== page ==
But it was his focus on two primary issues that was most significant. The first one related to the mamzer question specifically, exploring how devastating such an assignment was historically – primarily because it severely limited a child’s marriage options – and how the Rabbis went to great lengths to avoid such an assignment. “The Sages developed a series of principles, assumptions, presumptions and legal fictions to solve the problem of children who are mamzerim and to return them to the bosom of their nations.” The Shulchan Aruch, for example, notes that where there is a tainted individual but it is not publicly known, whoever knows of the taint may not reveal it. Also, as a general principle, we hold that any child born to a married woman is legally presumed to be the child of her husband (based on the principle of rov – “follow the majority, which in this case is that most sexual relations are with the husband”). The only exception to this general rule is when it is completely impossible to suggest the child is the product of the husband, as in a case when he is overseas for a substantial amount of time and there is no chance he could have fathered the child. But even here the Rabbis demonstrate tremendous generosity, arguing that this ‘substantial’ time is more than a year, arguing that if the period of separation was, say, only 11 months, well, then, there is a chance – perhaps infinitesimally small but a chance nevertheless – that the child is the husband’s after all. Elon continued in this vain for some time, concluding that since the clear Jewish law perspective on mamzerut is to rely on such presumptions and principles in order to “almost completely negate” the possibility of illegitimizing a child as a mamzer, it is “incumbent upon us to prevent the creation of evidence demonstrating that the child does not belong to the husband of his mother.”
The second major focus on Elon’s decision treats the obvious philosophical challenge presented by relying on such presumptions. In the words of the District Court position: What about the truth?! After all, is not determining the truth the role – and duty – of the court? And does not reliance of these somewhat fantastical presumptions undercut this very obligation? To all this Elon responds by distinguishing between two types of truth, what he calls legal truth and factual truth (or in the lingo of American jurisprudence, formal legal truth and substantial truth). Like with any judicial system, Elon argues, the court has the right to prejudice evidence in order to achieve certain goals. In American law, for example, the courts don’t force lawyers to reveal secrets their clients shared with them, or spouses to testify against one another, not because the evidence they might provide would not be true, but rather because higher aspirations are at play and such formal rules of evidence – and the legal truth they thus provide – while perhaps forfeiting a substantive truth on one particular matter, increase the chances the system as whole will achieve these greater goals. In the first example cited above, for instance, we believe that justice is best served in a system where the clients feel free to share important information with their attorneys; to make a Faustian bargain of achieving some additional information in the short term but losing the integrity and efficacy of the system as a whole is not deemed worthwhile.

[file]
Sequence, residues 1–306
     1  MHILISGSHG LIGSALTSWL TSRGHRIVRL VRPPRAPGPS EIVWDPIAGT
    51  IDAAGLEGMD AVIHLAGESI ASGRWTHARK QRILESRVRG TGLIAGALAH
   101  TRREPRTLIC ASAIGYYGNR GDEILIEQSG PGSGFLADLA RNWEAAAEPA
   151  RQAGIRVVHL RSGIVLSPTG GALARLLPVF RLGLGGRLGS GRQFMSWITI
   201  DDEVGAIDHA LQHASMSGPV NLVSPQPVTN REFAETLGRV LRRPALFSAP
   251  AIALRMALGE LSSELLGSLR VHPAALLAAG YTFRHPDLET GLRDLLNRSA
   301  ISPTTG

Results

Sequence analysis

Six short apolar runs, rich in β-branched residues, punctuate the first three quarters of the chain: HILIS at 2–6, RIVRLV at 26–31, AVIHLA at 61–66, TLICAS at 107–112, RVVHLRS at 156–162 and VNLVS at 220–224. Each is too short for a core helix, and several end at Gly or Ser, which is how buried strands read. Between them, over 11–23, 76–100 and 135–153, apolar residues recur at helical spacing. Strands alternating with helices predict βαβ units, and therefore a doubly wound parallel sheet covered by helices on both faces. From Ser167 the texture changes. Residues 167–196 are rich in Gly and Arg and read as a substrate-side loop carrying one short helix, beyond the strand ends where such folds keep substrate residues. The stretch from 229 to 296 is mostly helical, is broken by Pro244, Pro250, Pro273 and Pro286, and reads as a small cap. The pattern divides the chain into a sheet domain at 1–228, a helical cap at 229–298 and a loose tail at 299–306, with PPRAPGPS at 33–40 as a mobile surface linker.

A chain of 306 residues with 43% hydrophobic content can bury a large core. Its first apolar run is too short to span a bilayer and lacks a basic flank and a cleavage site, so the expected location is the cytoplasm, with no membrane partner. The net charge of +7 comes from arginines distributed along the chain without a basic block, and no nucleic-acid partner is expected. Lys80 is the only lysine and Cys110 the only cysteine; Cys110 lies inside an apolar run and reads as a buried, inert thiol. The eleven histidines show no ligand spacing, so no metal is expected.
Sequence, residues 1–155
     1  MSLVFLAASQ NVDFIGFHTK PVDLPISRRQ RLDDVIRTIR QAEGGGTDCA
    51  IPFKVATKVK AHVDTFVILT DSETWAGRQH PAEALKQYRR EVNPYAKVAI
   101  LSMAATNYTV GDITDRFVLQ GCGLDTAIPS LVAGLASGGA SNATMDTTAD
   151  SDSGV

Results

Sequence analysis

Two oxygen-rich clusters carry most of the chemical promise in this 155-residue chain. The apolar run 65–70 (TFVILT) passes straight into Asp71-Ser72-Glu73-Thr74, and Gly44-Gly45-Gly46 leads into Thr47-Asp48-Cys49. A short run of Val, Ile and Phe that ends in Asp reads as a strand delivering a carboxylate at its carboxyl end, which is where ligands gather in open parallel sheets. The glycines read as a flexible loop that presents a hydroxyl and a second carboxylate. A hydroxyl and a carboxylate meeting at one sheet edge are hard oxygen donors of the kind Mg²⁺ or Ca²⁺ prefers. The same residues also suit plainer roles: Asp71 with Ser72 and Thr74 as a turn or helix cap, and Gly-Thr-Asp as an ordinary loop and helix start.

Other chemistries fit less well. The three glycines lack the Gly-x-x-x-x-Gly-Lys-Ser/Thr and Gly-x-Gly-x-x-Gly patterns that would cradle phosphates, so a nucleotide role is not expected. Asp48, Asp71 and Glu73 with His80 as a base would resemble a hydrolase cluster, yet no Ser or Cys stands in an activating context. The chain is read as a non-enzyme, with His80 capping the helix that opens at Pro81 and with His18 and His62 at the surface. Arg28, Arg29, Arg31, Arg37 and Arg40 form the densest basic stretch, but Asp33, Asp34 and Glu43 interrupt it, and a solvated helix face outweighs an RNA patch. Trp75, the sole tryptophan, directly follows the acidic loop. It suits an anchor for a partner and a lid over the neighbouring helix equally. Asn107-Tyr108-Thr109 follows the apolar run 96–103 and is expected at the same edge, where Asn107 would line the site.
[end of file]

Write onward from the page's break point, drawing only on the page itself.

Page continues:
Elon then concludes that what is ‘true’ about truth in the American system is – or should be – doubly so for a Jewish system. He cites a number of different Rabbinical interpretations for the Talmudic statement “a true judgment to its very truth – din emet le’amito” to support this assertion. One explanation suggests that a true judgment to its very truth requires a judge to take into consideration realities of time and place in addition to the precise letter of the law; another argues that a judge must not only be an expert in Torah but also worldly affairs, for if not he might render a true judgment but not one in the fullest sense of the truth; and another still notes the ultimate goal of Jewish law is to “strive to reach a judgment that is both just and true. Factual truth, then, might in fact be true; but halachik truth – truth to its very truth – which is the ultimate objective of Jewish law, that must be “derived from a combination of law, lifnim mishurat hadin and an array of worldly matters and values.”
conclusion to the rejection of DNA evidence is a very short trip. The conflict is clear. Is the value of uncovering the truth about paternity
take precedence over the value of the best interests of the child? For Elon, the answer is also clear; it does
John C. Dougherty, Beyond People v. Castro: A New Standard of Admissibility for DNA Fingerprinting, 7 J. Contemp. Health Law & Policy 269 (1991)
 Babylonian Talmud Shabbat 55A
 Rabbi Chaim Jachter notes the widely accepted 99.6% figure in a 2007 Kol Torah article (Volume 16) Blood Tests and DNA, Part 4, and then quickly updates it by noting “it is no longer valid, since currently the chance of error in a properly administered DNA test is greater than ten billion to one.”
 Jachter, Blood Tests and DNA, Part 1, Kol Torah (Volume 16) 2007.
 It is interesting to note that this preference to reject DNA testing – due to concerns of mamzerut – was challenged by the horrific events of 9/11. There, a competing concern entered the picture – the desire to avoid agunot. In this case, the use of DNA evidence might have proven helpful to declare a ‘missing’ husband halachikly dead, which in turn would free the widow to remarry.
 Subsequent quotes not otherwise attributed are from this case.
 Shulchan Aruch, Even HaEzer 2:5
 Babylonian Talmud Hullin 11B
 As the BT Yevamot 80B suggests, it is possible – or rather, it is a legal presumption – that a fetus might remain in its mother’s womb for up to 12 months. See also Rambam Mishneh Torah issurei Bi’ah 16:19-20.
 For more on this topic from the American perspective, see: Summers, Robert S., “Formal Legal Truth and Substantive Truth in Judicial Fact-Finding – Their Justified Divergence” (1999). Cornell Law Faculty Publications.
 BT Shabbat 10A, Sanhedrin 7A
 Tur, Choshen Mishpat 1:2
 Vilna Gaon on Proverbs 6:4
 Rashi on BT Sanhedrin 6B
 Elon’s decision goes on to point out this conclusion is not just due to Jewish sources, but also based on Israeli law. Section 68 of the Legal Capacity and Guardianship Law, for example, offers a clear directive when considering questions of medical treatments for children (and Elon, amongst others, argues that the DNA test is a form of coercive medical treatment for this child). The directive is this: “The court should not order such treatment unless it is convinced that the requested means are necessary to protect the … mental health of the child.”